General Electric has agreed to settle a shareholder lawsuit that was filed by investors, who alleged that the company lied about its financial health during the 2008 financial crisis. The company has agreed to pay $40 million to settle the allegations.
In the lawsuit filed by shareholders, the investors accused both General Electric Co. and its Chief Executive Jeffrey Immelt of lying about the company’s financial health. The lawsuit accused the company of hiding billions of dollars of bad assets from investors, and inflating the values of assets during the financial crisis. The company also inflated the value of risky loans including subprime loans at its GE Capital unit.
The lawsuit accused General Electric of misleading financial investors about the company’s financial health, and exposing the company to unnecessary risk from debt during the worst of the financial crisis of 2008. The lawsuit also accused General Electric of lying to consumers about the company’s ability to generate earnings and pay a dividend.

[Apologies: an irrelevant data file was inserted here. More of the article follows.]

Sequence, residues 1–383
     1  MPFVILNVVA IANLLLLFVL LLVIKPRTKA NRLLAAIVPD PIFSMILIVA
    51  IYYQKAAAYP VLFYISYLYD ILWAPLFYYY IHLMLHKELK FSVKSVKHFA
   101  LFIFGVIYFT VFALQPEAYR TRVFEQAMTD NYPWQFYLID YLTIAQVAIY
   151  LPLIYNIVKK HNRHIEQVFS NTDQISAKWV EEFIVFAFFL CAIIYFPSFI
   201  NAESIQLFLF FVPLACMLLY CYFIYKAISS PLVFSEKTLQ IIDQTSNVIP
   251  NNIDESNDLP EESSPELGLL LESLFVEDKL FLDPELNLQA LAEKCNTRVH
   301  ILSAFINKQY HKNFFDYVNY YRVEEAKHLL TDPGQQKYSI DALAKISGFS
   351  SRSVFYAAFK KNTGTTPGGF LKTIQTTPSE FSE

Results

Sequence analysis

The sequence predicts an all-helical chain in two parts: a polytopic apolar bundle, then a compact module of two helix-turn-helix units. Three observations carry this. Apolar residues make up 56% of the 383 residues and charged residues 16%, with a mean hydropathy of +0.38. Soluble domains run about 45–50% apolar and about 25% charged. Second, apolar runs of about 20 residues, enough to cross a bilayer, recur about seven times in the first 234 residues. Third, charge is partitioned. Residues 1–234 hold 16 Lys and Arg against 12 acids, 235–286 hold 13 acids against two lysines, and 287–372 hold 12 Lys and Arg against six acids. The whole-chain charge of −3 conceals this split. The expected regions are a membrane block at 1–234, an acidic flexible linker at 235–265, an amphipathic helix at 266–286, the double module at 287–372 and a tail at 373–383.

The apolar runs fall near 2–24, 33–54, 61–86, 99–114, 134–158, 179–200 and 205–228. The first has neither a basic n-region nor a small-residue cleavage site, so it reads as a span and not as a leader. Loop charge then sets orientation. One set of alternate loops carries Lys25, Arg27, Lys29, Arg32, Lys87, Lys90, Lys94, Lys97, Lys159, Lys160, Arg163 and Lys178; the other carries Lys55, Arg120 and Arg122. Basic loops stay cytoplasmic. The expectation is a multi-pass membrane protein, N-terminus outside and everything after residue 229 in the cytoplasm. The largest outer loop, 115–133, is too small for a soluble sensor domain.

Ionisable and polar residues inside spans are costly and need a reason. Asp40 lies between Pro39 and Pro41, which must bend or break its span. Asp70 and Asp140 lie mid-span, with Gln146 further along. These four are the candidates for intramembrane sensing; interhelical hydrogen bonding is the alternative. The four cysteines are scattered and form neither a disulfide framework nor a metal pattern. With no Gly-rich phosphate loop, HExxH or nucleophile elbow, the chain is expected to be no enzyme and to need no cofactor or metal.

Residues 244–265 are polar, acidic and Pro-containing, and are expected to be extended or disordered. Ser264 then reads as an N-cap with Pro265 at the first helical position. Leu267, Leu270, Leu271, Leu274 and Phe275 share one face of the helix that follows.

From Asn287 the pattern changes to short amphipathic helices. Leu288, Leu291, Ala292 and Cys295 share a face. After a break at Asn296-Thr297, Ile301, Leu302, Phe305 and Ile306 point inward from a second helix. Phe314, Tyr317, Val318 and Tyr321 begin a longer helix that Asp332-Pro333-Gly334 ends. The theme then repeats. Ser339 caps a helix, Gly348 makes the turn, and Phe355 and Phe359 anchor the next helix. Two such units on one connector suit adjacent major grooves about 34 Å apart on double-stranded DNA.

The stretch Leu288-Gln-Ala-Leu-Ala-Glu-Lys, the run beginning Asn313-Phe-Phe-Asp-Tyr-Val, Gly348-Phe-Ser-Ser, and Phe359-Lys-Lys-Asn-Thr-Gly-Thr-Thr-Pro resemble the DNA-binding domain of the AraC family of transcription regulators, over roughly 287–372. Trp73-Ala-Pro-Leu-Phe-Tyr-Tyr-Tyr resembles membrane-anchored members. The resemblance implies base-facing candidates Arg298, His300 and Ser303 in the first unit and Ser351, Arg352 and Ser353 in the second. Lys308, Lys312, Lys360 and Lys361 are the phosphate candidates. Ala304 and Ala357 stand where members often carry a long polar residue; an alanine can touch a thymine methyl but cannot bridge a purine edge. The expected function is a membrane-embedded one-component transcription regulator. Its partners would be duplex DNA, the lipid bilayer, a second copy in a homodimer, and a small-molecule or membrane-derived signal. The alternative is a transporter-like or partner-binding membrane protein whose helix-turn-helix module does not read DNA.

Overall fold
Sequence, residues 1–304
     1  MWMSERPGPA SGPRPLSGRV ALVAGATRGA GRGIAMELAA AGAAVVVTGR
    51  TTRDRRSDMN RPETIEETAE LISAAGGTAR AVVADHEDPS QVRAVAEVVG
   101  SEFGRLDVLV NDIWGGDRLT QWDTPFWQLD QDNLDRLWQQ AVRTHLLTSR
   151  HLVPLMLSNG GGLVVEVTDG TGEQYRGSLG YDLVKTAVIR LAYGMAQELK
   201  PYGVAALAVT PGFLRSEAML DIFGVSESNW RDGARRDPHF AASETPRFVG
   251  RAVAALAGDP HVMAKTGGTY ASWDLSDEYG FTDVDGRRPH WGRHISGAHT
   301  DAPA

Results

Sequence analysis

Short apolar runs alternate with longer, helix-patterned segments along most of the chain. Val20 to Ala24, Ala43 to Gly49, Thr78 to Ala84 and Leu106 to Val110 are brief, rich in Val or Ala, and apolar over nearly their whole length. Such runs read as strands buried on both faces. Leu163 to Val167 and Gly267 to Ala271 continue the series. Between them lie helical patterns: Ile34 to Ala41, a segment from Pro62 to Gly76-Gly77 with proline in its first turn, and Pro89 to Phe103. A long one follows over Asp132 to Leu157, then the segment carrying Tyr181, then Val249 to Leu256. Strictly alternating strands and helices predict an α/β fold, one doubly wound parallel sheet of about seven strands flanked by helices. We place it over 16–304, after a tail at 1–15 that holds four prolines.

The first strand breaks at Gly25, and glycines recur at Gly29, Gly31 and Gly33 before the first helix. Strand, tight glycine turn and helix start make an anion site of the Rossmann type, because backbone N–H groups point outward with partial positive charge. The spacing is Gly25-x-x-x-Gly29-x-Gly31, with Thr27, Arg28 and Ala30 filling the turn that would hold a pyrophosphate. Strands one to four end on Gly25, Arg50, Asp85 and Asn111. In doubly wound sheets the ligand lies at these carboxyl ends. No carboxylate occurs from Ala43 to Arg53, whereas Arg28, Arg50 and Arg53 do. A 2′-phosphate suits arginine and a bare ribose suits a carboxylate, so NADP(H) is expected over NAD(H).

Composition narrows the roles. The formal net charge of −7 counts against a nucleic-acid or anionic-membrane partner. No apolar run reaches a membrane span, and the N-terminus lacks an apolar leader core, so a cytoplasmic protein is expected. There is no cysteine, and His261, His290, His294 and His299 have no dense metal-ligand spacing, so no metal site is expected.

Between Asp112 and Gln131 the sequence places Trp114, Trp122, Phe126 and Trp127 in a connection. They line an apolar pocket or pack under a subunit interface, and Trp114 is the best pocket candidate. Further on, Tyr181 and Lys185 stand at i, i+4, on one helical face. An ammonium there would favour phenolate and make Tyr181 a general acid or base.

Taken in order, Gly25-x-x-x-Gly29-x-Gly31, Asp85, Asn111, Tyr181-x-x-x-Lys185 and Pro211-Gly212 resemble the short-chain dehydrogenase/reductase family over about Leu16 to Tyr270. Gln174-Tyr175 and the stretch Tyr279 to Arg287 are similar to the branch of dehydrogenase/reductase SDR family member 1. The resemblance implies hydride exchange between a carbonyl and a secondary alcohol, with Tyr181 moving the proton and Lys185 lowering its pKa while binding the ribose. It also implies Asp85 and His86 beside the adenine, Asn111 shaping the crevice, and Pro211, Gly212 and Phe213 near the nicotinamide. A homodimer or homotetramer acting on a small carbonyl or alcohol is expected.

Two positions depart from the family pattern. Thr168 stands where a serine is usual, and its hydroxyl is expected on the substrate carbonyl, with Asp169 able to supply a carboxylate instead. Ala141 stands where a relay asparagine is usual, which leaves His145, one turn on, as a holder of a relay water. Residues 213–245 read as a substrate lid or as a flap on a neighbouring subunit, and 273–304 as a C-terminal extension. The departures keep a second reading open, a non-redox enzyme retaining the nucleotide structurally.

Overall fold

The lawsuit had been filed by the State University Retirement System of Illinois, which sought damages on behalf of shareholders and investors who held General Electric shares between 2008 and 2009. In 2009, the company lost its Standard and Poor AAA credit-rating. During that period of time, General Electric’s shares fell by up to 77%, and on March 4, 2009, the company’s shares were trading at $5.87. During this time, the company lost as much as $200 billion of its market value. The final settlement has not yet been approved.
California shareholder dispute lawyers have seen several companies facing shareholder lawsuits like this, for their activities during the 2008 financial crisis.